Two top-20 business schools released their full-time MBA class profiles recently: Cornell University Johnson Graduate School of Management, based in upstate New York, and the University of California-Los Angeles Anderson School of Management, based in Southern California. In few places outside the rankings are these programs comparable; one is an Ivy League school with a storied history of graduating future financial barons; the other is a higher-ed jewel based the epicenter of high-tech royalty and the media/entertainment universe.
However, both the No. 12-ranked Cornell and the No. 16-ranked UCLA have experienced reverberations in the last few years as the tail end of an MBA applications slump gave way to the disruptions — and silver linings — of coronavirus. The effect on both: increased applications and greater diversity.
At UCLA, apps increased just 1.7% between 2019 and 2020, one of the smallest rebounds from three years of steady declines across the top 25. But for the current intake that begins classes this fall, apps are up big — a 7.6% jump. Given that the school’s class size remains identical at 360 students, it’s clear why the class Graduate Management Admission Test average jumped so high, from 706 to 714: Anderson’s admissions team had the luxury of choosing from among the highest score submitters.
UCLA: GREATER DIVERSITY IN SUN-KISSED L.A.
UCLA also increased its female representation, up from 40% to 42%, keeping Anderson in the company of the growing number of B-schools with 40% or more women in their full-time MBA. It also saw an uptick in minorities, which were reported at 30% last year; this year's class is fully 32% minorities. Meanwhile, the school maintained its 36% international composition.
In other ways, however, its composition is changing. Students with a tech work background declined to 22% from 26%, while those with experience in consulting made up the difference, growing to 21% from 15%.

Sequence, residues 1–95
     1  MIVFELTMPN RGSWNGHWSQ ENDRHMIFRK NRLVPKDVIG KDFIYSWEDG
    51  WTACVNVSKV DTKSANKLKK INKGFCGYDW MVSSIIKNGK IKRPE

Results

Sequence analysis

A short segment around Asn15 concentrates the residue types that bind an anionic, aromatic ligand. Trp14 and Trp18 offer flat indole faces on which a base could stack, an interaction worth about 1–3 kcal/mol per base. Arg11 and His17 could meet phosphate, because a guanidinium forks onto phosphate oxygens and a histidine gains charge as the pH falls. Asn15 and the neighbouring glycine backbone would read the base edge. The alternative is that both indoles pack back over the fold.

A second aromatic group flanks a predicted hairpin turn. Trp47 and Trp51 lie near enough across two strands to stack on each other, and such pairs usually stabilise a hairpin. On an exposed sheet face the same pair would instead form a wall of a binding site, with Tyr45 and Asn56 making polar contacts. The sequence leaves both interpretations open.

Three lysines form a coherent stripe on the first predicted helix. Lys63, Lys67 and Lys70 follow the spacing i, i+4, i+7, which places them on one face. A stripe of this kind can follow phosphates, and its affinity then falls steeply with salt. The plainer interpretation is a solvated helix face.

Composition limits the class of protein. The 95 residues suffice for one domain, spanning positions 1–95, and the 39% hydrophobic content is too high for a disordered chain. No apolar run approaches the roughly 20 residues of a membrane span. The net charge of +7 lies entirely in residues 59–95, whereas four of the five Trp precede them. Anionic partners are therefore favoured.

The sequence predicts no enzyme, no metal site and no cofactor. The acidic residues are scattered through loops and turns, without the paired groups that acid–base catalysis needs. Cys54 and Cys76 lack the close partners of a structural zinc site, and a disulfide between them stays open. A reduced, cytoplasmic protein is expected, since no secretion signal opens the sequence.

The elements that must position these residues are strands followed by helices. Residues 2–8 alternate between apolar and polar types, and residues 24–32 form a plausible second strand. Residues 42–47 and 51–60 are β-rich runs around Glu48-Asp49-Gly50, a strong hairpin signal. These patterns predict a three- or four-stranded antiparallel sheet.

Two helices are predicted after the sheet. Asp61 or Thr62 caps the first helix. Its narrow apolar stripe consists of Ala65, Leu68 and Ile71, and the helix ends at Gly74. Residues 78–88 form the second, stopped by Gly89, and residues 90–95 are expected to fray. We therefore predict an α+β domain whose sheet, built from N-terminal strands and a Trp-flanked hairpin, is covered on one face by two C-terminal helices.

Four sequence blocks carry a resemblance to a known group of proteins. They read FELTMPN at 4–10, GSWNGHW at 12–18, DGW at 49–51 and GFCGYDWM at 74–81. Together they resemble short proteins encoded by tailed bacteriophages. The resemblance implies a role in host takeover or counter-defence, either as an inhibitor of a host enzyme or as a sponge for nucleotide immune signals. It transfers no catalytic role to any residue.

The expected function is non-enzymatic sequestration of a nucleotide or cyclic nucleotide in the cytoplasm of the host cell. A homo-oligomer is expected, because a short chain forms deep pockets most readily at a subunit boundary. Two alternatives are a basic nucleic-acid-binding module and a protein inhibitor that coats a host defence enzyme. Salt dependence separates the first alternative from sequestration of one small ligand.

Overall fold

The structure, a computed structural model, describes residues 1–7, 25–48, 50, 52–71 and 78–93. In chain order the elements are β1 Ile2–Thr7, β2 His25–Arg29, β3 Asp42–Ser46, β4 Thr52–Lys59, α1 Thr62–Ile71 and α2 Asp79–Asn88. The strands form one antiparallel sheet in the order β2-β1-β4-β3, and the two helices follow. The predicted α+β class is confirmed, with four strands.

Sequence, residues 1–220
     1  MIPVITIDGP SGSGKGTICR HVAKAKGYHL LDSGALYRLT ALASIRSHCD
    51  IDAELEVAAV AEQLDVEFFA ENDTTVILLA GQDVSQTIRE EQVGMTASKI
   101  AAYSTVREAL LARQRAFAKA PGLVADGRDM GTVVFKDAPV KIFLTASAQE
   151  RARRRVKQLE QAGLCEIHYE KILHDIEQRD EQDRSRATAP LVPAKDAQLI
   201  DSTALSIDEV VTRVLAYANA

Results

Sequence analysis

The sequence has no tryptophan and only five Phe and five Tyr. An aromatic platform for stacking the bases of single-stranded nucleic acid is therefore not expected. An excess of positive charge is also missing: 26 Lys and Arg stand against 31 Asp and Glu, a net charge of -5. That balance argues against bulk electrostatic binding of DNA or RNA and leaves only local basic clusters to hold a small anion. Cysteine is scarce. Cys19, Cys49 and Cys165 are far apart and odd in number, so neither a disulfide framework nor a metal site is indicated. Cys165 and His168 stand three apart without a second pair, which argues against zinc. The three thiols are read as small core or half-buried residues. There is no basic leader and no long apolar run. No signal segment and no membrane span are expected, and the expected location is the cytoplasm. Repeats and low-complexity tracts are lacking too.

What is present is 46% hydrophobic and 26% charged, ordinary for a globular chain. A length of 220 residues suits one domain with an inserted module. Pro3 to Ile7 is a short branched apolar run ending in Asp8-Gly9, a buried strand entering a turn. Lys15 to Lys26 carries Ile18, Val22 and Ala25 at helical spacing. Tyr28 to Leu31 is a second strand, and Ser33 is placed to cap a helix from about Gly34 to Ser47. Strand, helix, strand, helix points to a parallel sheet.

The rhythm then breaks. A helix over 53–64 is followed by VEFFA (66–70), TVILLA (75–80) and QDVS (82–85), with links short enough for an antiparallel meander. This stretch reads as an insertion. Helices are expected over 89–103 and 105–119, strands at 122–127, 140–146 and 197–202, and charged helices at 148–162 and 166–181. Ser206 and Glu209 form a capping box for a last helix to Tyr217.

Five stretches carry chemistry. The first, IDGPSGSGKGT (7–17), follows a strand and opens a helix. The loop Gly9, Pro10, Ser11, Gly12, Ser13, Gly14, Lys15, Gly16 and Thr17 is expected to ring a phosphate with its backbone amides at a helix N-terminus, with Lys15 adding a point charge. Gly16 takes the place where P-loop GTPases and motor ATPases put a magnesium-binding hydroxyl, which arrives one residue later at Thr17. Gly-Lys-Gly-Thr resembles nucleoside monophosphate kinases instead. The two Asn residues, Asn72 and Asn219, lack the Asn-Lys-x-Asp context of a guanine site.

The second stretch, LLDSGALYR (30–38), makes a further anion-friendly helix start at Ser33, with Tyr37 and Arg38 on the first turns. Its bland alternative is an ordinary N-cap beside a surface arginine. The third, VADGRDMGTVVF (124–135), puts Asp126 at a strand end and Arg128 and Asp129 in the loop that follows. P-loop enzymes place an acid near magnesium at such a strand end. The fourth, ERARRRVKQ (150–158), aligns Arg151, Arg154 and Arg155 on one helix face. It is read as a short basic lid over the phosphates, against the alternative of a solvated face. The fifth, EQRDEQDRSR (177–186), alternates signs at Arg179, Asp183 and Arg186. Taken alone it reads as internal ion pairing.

"UCLA Anderson attracts an astounding range of people, perspectives and opportunities," states the school's MBA class profile page. "From underrepresented to military to LGBTQ students, not to mention the international students who make up more than one-third of our class, you’ll find an open-minded and diverse community."
AT CORNELL, WITH MORE APPS COMES IMPROVEMENTS IN DIVERSITY
Though it proclaims its diversity in these areas, Anderson's profile does not include data on URM (last year’s class was 12%), military or LGBTQ members of its new class. In one of those areas — military — Cornell Johnson is more transparent, reporting that 9% of its new Class of 2023 has a military background — which is more than those with manufacturing (6%) or healthcare (5%) backgrounds.
The largest group at Cornell, however, continues to be business — only more so. The share of Cornell MBA students with business work experience exploded this fall, from 33% to 54%. Engineering grew, too, to 18% from 15%, while most other categories declined. In terms of undergrad majors, finance continues to be the king — no surprise for a school that places such a premium, historically, on getting its grads good jobs on Wall Street. MBAs with finance degrees actually ticked upward this fall, to 31% from 30%.
In other key ways, Cornell has seen a significant and welcome turnaround, with applications jumping by 233, or 12.4%, this cycle. This after the school enjoyed a 22% increase between the previous two cycles. That in turn has resulted in a big increase in median GMAT (to 710 from 700), women (to 39% from 31%), and minorities (to 25% from 18%) without the school losing international student share.